WE BELIEVE we have a responsibility to our local and world community.
We commit ourselves to wise stewardship in the use of our own resources and those of the community. We seek to be good citizens by fulfilling our civic obligations and advocating on behalf of those who entrust themselves to our care. We seek to be good neighbors by respecting the needs and concerns of those with whom we share local resources. We protect the resources of our earth by reducing, reusing, and recycling wherever possible. We endeavor to create a climate of trust by disclosing in a timely way information about MERCY which the community has a right or need to know. We present ourselves to the public in a way that fairly and accurately represents ourselves and our capabilities.
WE BELIEVE we have a responsibility to ourselves.
We strive to create an open and safe environment for all who dedicate themselves to be of service at MERCY. We strive for policies and procedures that are justly crafted and fairly implemented. We do not discriminate in favor of or against any member of the MERCY family for any real, perceived, or imagined difference that distinguishes us from one another. Diversity in the workplace shall be a point of pride.
All who perform comparable work enjoy comparable benefits. No incentives, discounts, or professional courtesies are extended to employees of or agents working within MERCY which give the appearance of being an inducement for service, or which undermine the cohesion and morale of our workforce.
Out of a sense of pride in our personal and professional reputations, and out of loyalty to the good reputation of MERCY, we hold each other and ourselves accountable to the standard proclaimed in this CREED.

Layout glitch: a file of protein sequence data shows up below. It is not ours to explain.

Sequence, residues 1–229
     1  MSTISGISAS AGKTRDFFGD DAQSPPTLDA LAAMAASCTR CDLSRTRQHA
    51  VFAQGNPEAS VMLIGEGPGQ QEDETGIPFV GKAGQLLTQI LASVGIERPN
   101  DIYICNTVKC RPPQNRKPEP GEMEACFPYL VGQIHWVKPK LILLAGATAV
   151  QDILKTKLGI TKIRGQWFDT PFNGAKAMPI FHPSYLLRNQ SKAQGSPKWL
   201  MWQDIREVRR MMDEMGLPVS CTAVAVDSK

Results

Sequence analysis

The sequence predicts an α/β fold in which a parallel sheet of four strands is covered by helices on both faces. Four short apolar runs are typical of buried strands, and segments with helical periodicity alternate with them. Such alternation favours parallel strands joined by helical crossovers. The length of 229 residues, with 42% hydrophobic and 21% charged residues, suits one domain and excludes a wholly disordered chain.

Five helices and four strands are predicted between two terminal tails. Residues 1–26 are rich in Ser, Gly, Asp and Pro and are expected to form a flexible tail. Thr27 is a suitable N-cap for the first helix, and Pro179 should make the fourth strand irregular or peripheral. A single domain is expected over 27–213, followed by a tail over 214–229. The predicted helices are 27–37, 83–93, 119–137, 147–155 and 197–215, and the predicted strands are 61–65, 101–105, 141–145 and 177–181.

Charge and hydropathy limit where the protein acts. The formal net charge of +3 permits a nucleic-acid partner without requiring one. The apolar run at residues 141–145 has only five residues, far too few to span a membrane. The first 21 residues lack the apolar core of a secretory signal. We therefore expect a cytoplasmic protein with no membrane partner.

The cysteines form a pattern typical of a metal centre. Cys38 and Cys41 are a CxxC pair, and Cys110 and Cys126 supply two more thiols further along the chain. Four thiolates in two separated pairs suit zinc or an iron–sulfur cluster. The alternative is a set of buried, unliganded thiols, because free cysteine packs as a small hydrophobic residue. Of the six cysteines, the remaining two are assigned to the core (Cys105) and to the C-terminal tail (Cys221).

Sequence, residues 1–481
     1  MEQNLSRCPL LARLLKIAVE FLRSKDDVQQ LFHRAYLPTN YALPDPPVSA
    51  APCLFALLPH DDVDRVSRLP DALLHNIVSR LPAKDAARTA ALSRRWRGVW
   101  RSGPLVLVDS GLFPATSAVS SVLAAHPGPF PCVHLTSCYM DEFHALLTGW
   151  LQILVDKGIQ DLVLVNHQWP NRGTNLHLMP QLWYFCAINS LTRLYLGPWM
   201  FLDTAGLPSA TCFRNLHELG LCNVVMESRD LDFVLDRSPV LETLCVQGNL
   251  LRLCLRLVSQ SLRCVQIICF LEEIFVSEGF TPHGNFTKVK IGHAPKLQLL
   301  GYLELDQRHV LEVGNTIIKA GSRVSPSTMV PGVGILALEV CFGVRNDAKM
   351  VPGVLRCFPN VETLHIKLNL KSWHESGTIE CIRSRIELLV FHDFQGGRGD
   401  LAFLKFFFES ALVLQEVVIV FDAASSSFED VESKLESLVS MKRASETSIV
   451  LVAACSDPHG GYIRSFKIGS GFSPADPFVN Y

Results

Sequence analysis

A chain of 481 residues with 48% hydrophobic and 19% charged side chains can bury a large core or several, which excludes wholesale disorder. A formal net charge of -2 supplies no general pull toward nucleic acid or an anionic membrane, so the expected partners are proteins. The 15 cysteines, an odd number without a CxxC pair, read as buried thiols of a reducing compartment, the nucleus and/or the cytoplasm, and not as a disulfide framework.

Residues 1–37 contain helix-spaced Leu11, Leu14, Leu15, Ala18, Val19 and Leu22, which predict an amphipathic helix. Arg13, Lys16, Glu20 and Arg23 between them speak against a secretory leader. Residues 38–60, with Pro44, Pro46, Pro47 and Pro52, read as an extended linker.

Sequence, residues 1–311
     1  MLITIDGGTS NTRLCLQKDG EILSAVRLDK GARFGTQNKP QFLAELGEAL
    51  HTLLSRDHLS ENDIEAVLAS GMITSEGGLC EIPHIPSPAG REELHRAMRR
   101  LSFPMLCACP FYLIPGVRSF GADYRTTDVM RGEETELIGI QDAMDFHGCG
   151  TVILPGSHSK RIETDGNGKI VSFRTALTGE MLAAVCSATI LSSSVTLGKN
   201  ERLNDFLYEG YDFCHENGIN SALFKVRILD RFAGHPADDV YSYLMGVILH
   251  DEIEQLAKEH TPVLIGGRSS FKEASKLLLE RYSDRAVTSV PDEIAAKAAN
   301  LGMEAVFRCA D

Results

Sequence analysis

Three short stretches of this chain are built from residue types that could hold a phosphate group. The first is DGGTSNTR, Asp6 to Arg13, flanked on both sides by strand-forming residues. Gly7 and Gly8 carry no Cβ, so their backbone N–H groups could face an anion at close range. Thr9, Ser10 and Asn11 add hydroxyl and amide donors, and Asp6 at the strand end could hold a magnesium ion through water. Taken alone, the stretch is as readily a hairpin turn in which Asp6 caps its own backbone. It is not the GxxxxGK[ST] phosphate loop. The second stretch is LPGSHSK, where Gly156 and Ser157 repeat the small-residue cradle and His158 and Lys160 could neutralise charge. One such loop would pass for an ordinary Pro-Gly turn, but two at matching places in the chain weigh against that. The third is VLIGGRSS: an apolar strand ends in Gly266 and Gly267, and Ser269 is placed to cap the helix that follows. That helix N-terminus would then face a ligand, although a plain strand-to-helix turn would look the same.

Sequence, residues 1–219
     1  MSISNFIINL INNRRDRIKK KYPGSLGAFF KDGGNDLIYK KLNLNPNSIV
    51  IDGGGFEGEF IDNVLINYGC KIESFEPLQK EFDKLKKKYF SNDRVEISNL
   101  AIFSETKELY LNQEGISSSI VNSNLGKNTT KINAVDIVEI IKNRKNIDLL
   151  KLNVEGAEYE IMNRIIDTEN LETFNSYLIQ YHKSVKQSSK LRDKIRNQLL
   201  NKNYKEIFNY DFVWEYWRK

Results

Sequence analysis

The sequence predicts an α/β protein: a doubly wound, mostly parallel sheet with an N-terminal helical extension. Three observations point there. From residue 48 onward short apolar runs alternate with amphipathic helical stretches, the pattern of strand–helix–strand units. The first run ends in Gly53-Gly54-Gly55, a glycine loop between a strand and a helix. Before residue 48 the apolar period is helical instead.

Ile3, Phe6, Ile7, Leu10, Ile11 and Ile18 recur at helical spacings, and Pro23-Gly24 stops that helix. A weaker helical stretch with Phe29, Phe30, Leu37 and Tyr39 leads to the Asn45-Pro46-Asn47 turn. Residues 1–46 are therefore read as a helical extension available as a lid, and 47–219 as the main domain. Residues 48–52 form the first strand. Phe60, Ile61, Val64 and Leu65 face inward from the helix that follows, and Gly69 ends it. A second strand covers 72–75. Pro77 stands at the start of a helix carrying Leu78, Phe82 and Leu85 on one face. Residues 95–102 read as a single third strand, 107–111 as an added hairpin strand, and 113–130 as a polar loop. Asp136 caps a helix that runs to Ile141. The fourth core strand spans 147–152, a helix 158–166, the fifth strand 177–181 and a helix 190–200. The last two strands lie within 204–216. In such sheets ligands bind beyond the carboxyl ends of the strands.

Patients and Providers
Our first responsibility is to those we serve: patients, medical staff, and those who access healthcare through Mercy. From these relationships emerge the concerns of clinical ethics, the traditional role and priority of healthcare ethics.
Managed care reinforces the need for ethics programs to inform and protect the quality of care we provide.10 Similarly, ethics provides the needed responses to the expanding use of "telehealth" and its impact on confidentiality.11
The MHSO Institutional Review Board (IRB), generally more a part of medical services, must be more active in an ethics program through clinical ethics. Ethics directors too often have no input in naming board members or do not participate fully in the IRB. Also, IRBs usually focus solely on Food and Drug Administration regulations. They need to broaden their ethical role and address such concerns as the exclusion of certain populations from a research protocol.
The second relationship involves business ethics, the study of ethical issues related to how we conduct business affairs with others.12 This is the OIG's particular area of concern.